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But technology is only half the story. Policies and procedures are the other half of the operational management process and they can't be ignored. Some areas where you should ensure that standards are followed include:
Provisioning. A frequent complaint from storage administrators is that when customers want storage, yesterday is considered too late. But the more hurriedly you try to provision, the more likely a mistake will be made. Responding in "hurry up" mode will also make it more likely that storage gets provisioned inconsistently. A provisioning policy with different levels of severity classified by the required purpose can avoid missteps. Resist the temptation to meet needs on an ASAP basis, but avoid the other extreme of binding the process with red tape.
Publish your operational practices. It's important to make the added effort to publish your guidelines. If more people are aware of your guidelines, you'll have a better chance of ensuring conformity and minimizing deviations. But be realistic. If your existing processes have a turnaround time that doesn't meet the norms of your IT department, it may be time for a reality check. However, it's imperative that all members of the storage team, as well as customers, subscribe to your discipline. You may have to sell them on the benefits to make them advocates of your methodology.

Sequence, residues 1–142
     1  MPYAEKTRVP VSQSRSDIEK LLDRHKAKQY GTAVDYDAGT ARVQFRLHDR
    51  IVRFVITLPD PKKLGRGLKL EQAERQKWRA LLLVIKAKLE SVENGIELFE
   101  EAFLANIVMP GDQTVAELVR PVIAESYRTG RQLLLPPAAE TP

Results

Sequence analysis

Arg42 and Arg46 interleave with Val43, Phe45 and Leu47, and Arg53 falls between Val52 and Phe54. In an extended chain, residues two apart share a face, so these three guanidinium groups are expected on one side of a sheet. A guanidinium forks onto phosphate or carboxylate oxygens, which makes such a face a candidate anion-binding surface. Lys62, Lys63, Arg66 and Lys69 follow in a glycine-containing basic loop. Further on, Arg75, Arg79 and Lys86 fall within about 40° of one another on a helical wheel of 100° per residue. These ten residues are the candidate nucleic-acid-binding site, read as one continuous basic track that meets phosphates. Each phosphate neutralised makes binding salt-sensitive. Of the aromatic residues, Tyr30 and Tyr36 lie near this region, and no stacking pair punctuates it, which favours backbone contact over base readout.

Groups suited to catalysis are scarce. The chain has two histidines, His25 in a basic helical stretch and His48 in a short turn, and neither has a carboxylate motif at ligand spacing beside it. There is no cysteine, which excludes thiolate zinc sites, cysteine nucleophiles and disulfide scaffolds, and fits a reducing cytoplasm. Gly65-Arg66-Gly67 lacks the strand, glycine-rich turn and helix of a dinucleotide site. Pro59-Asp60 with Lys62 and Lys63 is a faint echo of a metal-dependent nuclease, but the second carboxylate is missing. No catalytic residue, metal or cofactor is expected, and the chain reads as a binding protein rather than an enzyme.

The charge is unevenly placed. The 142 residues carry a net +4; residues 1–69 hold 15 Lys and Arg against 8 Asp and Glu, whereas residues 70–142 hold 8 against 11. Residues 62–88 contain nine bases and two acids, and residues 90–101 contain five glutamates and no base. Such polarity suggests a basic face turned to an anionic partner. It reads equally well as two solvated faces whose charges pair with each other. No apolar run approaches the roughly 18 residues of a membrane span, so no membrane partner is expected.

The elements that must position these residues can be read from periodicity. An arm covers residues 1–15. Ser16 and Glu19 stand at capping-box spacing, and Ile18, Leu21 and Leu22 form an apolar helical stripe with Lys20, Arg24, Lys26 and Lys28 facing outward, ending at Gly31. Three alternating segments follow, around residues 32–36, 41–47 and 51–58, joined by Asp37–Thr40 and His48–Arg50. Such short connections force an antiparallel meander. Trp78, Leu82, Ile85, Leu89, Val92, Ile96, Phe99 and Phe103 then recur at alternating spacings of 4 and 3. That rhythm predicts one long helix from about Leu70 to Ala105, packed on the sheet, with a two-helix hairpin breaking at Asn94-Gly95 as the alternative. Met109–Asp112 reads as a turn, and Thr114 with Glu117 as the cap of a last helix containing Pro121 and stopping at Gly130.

Know your environment. You'll never truly know what shape your environment
Change control. Perhaps the single greatest threat to effectively managing a storage operation is allowing changes to the environment to occur without proper change control mechanisms in place. A small change in one area can have profound effects on another operation, and seemingly inconsequential changes can accumulate with devastating--and unexpected--effects. If documented, most changes can be rolled back, if necessary.
At the end of the day, you probably won't get a medal for creating and running a streamlined operation. But managing a more consistent and standardized environment will give your blood pressure a break.
This was first published in June 2007